We asked him if he wanted to just have the stack of cards, and he honestly didn’t believe us. We explained that they had very little financial value and that we had no need for them—he could just take them. He rifled through the stack of cards excitedly and started to tell us about his Izzet deck and his Golgari deck and how he plays with his girlfriend sometimes. He went on to tell us how happy he was and that this completely made his day.

I know that at one point in my life if something like that had happened to me, I would have had the exact same reaction. It sucks that Magic can lose some of its excitement when you have played so long, but I still think it’s amazing that the game still makes new players happy like that.

I remember a story that’s almost too insane to be true, and I had almost forgotten it even happened. If it hadn’t happened, I may not be playing Magic today.

The time is Gen Con in Milwaukee in (I think) 2002, so I was 13 years old at the time. My dad drove me downtown to the convention center, and I just played Magic the whole time. Back then, I didn’t have to grind tournaments or win prize, I just wanted to play games and be around other people who loved Magic like I did. During the second day, I slipped my Ultra-Pro bag containing all of my cards under my seat, and basically forgot about it.

About a half hour later, I went to look under my seat and it had been stolen. 13 year-old Owen Turtenwald wasn’t exactly the most cautious person in the world, and this definitely taught me a valuable lesson about keeping track of your cards at a Magic tournament. As a young boy who had just had his collection stolen, I didn’t tell any of my friends or any adults at the time because I was embarrassed that I had let myself be taken advantage of—instead I just walked away and started crying. Little Owen, walking around aimlessly, sobbing.

Eventually a tournament official stopped me and asked what was wrong, and I explained what had happened, he consoled me and told me not to be upset about it and how there are tons of scumbags in Magic that steal cards and that I need to be more careful.

I had no concept of how much my cards were worth or what I was going to do, I was just a kid. He asked me what was in my collection, and I tell him about my RG Standard deck that had [card]Wild Mongrel[/card], [card]Basking Rootwalla[/card], [card]Fiery Temper[/card], [card]Anger[/card], and four copies of [card]Call of the Herd[/card].

[draft]call of the herd[/draft]

At the time, Call of the Herd was the best and most expensive card in the set, and having four was easily the highlight of my collection. After I explained all this to him, he took a walk with me over to the dealer hall, walks over to Troll and Toad, and asks them if they have [card]Call of the Herd[/card]. They say yes, he says, “put four on my tab.” They hand him four Call of the Herd which he just gives to me and tells me not to quit Magic because people can be scummy. I think at the time the card was worth $25-$30.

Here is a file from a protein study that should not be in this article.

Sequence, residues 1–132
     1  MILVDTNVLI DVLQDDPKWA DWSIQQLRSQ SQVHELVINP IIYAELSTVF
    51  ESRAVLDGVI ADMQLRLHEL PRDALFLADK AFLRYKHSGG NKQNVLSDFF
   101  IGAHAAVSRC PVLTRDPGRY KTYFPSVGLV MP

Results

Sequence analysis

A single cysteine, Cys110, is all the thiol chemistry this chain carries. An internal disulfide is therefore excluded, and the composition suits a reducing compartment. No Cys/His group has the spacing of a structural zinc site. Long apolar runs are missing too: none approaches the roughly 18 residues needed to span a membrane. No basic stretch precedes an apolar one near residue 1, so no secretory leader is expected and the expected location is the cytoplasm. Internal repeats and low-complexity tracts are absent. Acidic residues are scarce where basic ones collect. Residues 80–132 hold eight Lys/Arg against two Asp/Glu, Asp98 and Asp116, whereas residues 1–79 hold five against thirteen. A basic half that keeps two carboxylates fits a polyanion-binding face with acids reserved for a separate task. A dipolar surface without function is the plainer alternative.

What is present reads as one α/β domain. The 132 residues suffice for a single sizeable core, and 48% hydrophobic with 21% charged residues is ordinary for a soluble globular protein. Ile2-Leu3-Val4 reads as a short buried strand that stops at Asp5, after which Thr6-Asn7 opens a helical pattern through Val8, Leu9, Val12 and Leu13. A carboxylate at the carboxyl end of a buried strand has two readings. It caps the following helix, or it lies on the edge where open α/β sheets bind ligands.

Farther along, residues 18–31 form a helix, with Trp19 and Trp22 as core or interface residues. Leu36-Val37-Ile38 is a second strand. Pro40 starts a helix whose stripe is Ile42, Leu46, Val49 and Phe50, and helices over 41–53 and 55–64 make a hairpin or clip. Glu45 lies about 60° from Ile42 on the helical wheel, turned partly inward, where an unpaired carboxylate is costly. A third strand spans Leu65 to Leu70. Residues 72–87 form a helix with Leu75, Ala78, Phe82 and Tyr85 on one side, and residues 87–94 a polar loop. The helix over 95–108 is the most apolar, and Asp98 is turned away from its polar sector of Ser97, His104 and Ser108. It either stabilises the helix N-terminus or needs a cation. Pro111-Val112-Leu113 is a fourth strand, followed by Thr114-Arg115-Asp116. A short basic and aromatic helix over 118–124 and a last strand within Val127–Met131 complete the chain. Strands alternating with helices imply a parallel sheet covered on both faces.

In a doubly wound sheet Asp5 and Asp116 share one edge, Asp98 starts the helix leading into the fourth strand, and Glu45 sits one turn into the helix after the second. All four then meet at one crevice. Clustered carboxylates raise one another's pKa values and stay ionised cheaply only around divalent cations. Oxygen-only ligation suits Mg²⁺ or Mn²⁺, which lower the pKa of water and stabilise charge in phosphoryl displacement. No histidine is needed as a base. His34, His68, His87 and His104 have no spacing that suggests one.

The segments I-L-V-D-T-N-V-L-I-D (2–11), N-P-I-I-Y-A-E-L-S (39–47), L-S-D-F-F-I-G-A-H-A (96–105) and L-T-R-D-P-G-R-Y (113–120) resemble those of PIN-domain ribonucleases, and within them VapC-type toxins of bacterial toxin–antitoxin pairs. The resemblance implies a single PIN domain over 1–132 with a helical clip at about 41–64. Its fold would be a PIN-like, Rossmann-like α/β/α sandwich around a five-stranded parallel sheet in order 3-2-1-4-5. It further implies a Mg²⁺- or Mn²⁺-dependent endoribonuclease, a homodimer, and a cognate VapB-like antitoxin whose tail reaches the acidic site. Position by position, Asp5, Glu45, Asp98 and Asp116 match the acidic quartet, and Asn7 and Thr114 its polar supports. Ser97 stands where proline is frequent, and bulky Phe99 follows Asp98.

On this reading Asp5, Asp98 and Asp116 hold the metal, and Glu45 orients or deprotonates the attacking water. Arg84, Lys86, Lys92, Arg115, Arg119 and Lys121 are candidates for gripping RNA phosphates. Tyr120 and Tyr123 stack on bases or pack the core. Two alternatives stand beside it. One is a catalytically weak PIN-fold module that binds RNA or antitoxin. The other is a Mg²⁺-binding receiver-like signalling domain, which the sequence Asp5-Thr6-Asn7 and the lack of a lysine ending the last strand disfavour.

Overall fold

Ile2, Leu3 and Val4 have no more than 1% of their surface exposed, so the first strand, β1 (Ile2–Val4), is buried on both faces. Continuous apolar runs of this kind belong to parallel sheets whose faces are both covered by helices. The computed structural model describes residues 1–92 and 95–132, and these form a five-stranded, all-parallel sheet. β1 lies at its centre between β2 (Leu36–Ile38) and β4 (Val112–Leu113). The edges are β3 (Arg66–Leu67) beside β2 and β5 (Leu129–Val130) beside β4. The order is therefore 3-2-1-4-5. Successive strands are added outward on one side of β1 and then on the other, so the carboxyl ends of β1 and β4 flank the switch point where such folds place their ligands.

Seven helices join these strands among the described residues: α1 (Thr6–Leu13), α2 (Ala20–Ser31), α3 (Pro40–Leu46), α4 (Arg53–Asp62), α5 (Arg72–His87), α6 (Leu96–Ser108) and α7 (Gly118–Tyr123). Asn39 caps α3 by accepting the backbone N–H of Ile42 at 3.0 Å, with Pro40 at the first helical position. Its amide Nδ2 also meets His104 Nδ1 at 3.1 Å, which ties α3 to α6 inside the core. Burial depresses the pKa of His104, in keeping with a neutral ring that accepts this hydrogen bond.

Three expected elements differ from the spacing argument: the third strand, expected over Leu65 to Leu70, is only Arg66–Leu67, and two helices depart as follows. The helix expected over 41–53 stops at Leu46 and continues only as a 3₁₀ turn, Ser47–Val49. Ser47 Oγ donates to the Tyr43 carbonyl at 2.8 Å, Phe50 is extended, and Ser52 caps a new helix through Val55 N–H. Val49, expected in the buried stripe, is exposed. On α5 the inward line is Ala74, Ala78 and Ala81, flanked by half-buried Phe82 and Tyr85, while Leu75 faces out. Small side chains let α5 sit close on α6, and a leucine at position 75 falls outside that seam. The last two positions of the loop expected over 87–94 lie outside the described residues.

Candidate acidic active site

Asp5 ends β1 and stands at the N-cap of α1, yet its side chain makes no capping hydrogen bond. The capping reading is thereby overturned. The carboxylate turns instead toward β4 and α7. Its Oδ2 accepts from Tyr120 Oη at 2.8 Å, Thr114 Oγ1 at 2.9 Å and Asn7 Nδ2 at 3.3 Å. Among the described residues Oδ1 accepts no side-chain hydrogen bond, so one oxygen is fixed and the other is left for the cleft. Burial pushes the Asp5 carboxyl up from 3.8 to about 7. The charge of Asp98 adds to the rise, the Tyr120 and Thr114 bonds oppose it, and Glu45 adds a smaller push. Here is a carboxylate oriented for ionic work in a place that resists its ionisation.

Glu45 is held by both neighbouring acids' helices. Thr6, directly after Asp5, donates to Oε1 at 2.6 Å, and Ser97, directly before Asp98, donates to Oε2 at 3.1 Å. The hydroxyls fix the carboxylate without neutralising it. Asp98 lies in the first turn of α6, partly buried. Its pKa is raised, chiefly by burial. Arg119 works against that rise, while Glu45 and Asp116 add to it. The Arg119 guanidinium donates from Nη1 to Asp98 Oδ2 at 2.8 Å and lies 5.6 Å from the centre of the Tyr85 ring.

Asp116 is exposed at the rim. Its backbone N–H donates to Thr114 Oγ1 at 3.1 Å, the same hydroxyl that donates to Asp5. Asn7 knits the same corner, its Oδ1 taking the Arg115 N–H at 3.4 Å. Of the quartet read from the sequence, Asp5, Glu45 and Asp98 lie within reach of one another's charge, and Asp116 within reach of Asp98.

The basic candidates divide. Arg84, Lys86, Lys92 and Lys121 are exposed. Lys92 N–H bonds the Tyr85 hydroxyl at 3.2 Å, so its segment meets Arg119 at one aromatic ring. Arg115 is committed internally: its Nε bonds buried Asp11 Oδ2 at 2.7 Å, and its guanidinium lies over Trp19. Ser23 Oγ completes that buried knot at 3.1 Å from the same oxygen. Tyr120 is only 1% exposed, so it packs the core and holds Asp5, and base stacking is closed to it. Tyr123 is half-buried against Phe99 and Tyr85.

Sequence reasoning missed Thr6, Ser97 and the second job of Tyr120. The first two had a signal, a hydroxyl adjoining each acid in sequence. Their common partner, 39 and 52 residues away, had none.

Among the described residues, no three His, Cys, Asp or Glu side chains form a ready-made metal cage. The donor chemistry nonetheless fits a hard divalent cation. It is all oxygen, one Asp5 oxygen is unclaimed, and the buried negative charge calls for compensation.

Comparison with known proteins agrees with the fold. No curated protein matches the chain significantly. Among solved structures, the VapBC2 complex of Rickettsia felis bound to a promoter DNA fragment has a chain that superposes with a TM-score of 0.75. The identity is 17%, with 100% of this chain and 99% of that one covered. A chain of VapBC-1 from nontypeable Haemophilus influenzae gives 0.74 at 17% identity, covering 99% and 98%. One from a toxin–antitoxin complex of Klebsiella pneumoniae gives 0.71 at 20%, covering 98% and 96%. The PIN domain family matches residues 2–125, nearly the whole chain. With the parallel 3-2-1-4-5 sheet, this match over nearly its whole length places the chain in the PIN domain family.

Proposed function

I was too naïve in my youth to understand what an awesome gesture this was, and I just felt a little better, said thanks, and moved on with my Gen Con experience. I never got the man’s name, don’t know if he was a judge or if he worked for the people running the tournaments at the convention. I don’t even know if he plays Magic today. I know one thing though, there is almost no way he knows that the little boy he just handed $100 in cards out of the kindness of his heart would grow up to make it the central part of his life.

I don’t know if this story was entertaining, but I know that writing means there is a small chance he finds out about it and I can thank him. I think it would be incredible if I could find this person. It was such a long time ago and I was so young at the time that I had just forgotten that it had even happened to me, and I moved on with life. It’s so easy for people to look at their close friends they have made though Magic and say that the game is great because of the people, but it isn’t just the people you know, it’s the entire community.

If that random Good Samaritan hadn’t been there to find me, who knows what would have happened. I may have quit the game on the spot and never met any of my closest friends, or have ever come close to winning Player of the Year or making Top 8 of a Pro Tour. I don’t know exactly what inspired me to write this article but I think each story is pretty interesting on its own, and are each solid reasons why I play Magic. I hope you all enjoyed reading it as much as I enjoyed writing it.

Owen Turtenwald
qazwsxedcrfvtgbyhnuj on Magic Online
OwenTweetenwald on twitter